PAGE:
Doctor’s ‘white-coat’ raises blood pressure
A new study has revealed that a clinical visit to a doctor may actually cause blood pressure to rise during the check up.
London: A new study has revealed that a clinical visit to a doctor may actually cause blood pressure to rise during the check up.
The ``white-coat`` effect, as it is being called, occurs due to patients becoming stressed by being in a doctor`s surgery or a hospital.
High blood pressure is a major risk factor for heart attack, heart failure, kidney disease and stroke.
It can either be measured in a clinical setting, or by the patient wearing a cuff as they go about their daily lives - known as ambulatory blood pressure checks.
An Australian team has found out that there may be a difference of 29 units between the ambulatory blood pressure measurements with those taken by doctors during check ups.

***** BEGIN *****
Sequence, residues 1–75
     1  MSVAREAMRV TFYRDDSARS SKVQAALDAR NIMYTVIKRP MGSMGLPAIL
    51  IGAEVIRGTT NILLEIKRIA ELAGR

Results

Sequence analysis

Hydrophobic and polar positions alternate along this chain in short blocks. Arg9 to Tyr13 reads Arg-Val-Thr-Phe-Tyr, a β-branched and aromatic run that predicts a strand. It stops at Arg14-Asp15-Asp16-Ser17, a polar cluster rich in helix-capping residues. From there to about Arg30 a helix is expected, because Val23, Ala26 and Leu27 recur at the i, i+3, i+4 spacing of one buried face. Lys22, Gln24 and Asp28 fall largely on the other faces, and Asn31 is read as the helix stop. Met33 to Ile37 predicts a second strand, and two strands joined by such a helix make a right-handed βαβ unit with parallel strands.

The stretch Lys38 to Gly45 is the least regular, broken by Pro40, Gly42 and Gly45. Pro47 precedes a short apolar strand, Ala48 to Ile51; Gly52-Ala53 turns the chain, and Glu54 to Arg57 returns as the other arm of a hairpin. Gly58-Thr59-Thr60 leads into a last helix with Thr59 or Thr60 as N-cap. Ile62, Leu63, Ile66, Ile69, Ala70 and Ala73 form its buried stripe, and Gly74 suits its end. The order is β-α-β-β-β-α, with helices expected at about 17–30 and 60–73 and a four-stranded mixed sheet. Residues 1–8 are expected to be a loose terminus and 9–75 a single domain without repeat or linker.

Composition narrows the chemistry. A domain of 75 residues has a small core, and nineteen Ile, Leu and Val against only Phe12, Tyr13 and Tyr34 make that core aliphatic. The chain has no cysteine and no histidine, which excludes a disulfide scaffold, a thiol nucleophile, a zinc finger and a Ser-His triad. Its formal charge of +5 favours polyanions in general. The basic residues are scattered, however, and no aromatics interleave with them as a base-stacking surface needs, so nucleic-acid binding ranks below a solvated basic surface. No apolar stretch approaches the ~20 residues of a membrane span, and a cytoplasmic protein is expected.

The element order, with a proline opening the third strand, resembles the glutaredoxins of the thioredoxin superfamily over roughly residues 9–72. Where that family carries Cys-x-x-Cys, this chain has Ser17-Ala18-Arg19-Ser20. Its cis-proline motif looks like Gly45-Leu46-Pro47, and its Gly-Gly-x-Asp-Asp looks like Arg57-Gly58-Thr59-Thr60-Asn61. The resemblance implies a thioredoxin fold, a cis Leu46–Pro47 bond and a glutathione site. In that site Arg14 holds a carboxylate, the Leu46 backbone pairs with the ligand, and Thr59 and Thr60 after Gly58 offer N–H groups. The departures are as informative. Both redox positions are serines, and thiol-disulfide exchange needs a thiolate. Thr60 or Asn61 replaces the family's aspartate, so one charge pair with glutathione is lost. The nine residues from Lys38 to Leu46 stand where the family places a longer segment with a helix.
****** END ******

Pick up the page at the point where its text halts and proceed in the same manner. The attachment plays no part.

The results differed depending upon the usual blood pressure levels, the sex and the age of the patient.
"Ambulatory blood pressure monitoring is the tool of choice to correctly diagnose high blood pressure.
"Clearly, if you`re going to be treating a person for the rest of their life, you want to get the readings right, and often the reading in the doctor````s office is much higher," BBC News quoted Professor Arduino Mangoni, who recently joined the University of Aberdeen from Flinders University in Adelaide, as saying.
The study has appeared in the British Medical Journal.